Decent Work Checklist

The Checklist

Decent work practices are not simply limited to financial rewards and benefits. Organizational practices and cultures are part of a decent work environment. This simple checklist can help you think about what decent work practices look like for your organization, and identify areas where you are achieving impressive decent work practices and areas where you would like to improve.
If you download the checklist, please let us know by sending an email to [email protected].

1. Decent Wages

Fair income is one common aspect of decent work. This involves not only salaries, but also income security: paid holiday, parental and sick leave, and steady work hours that allow for a predictable income. Support for fair income might mean promoting and adopting “living wage” policies or other standards that promote income fairness within, and between, workplaces.

Indicator A: Adequacy of lowest paid positions in our organizationRating
Government-mandated minimum wageBasic
$15 hourly wageBetter
More than $15 an hour is required to live adequately in many cities in Ontario
Visit Ontario Living Wage Network to see living wage rates in your region.
Indicator B: Annual salary increases across position levelsRating
No salary increases have been granted over the past 2 yearsBasic
A modest salary increase (below cost of living or approximately 2%)Better
A salary increase at or above the cost of livingBest
Indicator C: Eliminating Gender BiasRating
Wage gaps between genders are identified (including within pay scales) at all levels and upward adjustments are madeBasic
Pay equity and pay transparency plans are in place with obligations being met as mandatedBetter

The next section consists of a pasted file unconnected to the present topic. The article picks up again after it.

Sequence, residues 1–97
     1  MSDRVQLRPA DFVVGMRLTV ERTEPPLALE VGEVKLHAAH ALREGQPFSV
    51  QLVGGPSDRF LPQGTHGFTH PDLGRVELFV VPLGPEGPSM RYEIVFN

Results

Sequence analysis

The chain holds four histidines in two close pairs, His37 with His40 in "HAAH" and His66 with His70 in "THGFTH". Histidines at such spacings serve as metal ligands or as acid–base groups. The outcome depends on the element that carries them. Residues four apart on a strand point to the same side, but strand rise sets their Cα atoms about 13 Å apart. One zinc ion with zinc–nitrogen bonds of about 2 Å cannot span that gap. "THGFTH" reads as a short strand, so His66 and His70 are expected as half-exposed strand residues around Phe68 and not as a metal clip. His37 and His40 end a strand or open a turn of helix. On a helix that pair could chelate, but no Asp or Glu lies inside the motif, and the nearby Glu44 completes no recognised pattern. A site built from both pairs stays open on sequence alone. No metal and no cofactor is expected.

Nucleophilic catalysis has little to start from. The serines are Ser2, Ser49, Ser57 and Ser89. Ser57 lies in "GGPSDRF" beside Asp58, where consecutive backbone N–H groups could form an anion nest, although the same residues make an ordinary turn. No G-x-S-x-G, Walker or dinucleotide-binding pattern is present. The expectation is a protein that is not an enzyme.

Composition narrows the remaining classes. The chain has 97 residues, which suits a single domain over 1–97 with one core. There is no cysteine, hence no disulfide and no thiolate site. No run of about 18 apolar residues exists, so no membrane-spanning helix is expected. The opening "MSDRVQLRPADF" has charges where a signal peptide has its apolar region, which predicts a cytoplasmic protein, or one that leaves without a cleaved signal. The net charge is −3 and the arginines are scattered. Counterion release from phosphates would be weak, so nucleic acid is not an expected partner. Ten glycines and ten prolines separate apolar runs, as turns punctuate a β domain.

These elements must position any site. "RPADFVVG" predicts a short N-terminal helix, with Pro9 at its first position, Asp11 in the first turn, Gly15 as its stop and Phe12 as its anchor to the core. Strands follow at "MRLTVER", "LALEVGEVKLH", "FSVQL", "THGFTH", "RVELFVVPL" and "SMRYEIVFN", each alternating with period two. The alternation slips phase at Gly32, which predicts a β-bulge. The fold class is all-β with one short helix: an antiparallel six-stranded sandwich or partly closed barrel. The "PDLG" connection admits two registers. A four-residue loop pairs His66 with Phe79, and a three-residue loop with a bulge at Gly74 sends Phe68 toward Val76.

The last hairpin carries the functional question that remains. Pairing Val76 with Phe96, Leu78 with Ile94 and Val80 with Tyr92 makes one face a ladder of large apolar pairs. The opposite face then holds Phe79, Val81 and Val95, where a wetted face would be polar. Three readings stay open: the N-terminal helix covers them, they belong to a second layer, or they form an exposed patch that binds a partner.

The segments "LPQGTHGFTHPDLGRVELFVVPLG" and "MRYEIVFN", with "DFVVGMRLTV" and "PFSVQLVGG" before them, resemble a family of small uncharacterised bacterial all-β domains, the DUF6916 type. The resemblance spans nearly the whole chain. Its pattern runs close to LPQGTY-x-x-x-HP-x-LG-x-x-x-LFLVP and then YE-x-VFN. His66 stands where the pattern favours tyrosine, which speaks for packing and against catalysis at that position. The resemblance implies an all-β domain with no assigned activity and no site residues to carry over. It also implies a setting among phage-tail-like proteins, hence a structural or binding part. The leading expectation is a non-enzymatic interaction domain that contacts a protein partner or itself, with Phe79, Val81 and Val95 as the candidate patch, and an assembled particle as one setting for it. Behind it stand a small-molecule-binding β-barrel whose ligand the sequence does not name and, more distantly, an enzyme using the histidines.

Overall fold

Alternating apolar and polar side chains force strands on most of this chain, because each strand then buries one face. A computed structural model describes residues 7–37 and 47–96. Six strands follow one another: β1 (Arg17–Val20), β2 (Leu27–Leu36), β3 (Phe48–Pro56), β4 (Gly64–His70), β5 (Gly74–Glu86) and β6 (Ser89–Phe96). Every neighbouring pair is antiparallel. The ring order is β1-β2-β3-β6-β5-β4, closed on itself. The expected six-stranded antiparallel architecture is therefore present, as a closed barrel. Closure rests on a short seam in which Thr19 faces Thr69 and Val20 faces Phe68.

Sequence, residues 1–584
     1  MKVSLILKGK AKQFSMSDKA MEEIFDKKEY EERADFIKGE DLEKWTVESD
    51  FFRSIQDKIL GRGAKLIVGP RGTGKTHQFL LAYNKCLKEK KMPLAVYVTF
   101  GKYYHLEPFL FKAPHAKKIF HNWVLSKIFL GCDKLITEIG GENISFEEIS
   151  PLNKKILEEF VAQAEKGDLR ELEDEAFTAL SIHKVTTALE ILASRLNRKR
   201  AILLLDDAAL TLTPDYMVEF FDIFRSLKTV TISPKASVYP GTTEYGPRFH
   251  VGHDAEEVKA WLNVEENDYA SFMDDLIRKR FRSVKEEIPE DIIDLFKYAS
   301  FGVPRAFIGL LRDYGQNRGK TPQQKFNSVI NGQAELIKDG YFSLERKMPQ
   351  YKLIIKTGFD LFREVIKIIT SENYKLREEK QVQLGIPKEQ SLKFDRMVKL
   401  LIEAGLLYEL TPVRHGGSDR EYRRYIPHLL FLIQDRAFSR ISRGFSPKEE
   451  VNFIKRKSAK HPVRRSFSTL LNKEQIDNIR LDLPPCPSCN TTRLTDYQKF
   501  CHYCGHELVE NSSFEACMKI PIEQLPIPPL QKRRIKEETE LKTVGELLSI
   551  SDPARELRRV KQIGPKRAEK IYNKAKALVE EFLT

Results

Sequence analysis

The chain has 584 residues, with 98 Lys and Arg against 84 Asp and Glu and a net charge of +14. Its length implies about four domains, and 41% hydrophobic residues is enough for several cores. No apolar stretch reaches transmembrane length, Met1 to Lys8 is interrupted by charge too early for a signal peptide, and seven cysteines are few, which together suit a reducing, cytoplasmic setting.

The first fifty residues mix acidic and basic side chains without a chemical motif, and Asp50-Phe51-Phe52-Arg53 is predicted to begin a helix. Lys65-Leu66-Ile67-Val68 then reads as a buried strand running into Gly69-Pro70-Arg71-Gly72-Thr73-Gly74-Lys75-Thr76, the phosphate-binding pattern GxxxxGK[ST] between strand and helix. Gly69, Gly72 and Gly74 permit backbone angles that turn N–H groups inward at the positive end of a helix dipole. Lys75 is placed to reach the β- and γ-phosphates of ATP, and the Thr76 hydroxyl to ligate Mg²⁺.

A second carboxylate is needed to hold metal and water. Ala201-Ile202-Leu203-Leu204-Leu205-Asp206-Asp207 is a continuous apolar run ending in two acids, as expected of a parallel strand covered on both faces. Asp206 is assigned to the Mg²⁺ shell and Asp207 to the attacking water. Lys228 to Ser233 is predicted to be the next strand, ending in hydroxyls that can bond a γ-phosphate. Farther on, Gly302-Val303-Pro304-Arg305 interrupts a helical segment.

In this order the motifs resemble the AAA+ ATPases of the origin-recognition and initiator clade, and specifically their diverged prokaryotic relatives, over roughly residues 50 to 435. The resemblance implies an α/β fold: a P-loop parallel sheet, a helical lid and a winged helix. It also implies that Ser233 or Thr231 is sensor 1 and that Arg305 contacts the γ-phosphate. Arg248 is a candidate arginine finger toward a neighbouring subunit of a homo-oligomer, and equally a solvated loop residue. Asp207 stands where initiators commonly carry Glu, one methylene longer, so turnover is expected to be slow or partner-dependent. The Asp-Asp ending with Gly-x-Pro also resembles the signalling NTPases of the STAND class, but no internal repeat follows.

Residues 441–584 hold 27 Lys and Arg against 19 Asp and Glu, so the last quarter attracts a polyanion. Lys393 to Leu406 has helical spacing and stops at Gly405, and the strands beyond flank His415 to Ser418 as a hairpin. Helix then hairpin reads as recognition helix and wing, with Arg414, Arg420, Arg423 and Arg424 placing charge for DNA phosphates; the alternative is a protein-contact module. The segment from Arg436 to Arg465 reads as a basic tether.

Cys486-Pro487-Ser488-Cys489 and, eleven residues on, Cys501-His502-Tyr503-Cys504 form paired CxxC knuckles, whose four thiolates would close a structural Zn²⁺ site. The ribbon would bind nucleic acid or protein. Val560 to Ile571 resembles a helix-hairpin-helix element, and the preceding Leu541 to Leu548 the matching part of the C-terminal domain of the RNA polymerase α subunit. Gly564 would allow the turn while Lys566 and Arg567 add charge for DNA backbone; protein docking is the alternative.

Pay scales for positions are provided in job postings.

Note: In terms of bias, there is still opportunity to pay people less if they are not strong negotiators. Having a single pay amount is more transparent
There is an equitable and consistent stance on salary and contract negotiations across position levelsBest

2. Decent benefits

In addition to extended benefits (such as holiday pay, parental and sick leave, which are governed by the Employment Standards Act), retirement income security and access to essential healthcare are two of the most central elements decent work. These are especially important to the nonprofit sector as a key driver of dignity in the workplace and making our sector an employer of choice.

Indicator A: Key benefits for full-time staffRating
Those mandated in Ontario’s Employment Standards Act (ESA)Basic
Paid sick leaveBetter
Paid vacation time above ESA minimumBetter
Co-pay (by employer) or sole pay health and dental benefitsBest
Some kind of employer/employee pension or retirement savings planBest
Maternity (EI) and parental leaves (ESA) are supplemented with a “top-up”Best
Benefit plans are reviewed regularlyBest
Pro rated benefits (or wages in lieu of benefits
Those mandated in the ESABasic
Paid sick leaveBetter
Paid vacation time above ESA minimumBetter
Employee has the flexibility to extend maternity benefits (EI) and parental leave (ESA)Better
Co-pay (by employer) or sole pay health and dental benefitsBest
Some kind of employer/employee pension or retirement savings planBest
Maternity and parental leaves are supplemented with a “top-up”Best
Indicator C: Mental health supportRating
Staff are provided with mental health days counted as regular sick daysBasic
Access to Employee Assistance Program (EAP)Better
Access to supports to ameliorate workplace stressesBest

3. Decent Contract Security

There is pressure in the labour market to increase the use of “precarious” part-time and limited-term job contracts to carry out work that used to be done by full-time permanent staff. In some instances, this is done to achieve flexibility, and is a necessary part of some staffing models (for example, with relief and emergency workers). However, this can also be a practice used to avoid the added costs associated with full-time and permanent contracts. The extent to which the nonprofit sector can resist these trends will determine whether or not we can continue to provide good jobs for many people in our workforce.

Indicator A: Ratio of part-time to full-time staff positionsRating
Part-time staff represent over one-third (33%) of our workforceBasic
Part-time staff represent between 20% and 33% of our workforceBetter
Part-time staff represent less than 20% (one in five positions) of our workforceBest
Indicator B: Over the past 10 years, the ratio of contract to permanent staff positions has:Rating
Increased. There are now a greater number of limited-term or contract positions relative to permanent positions at our organizationBasic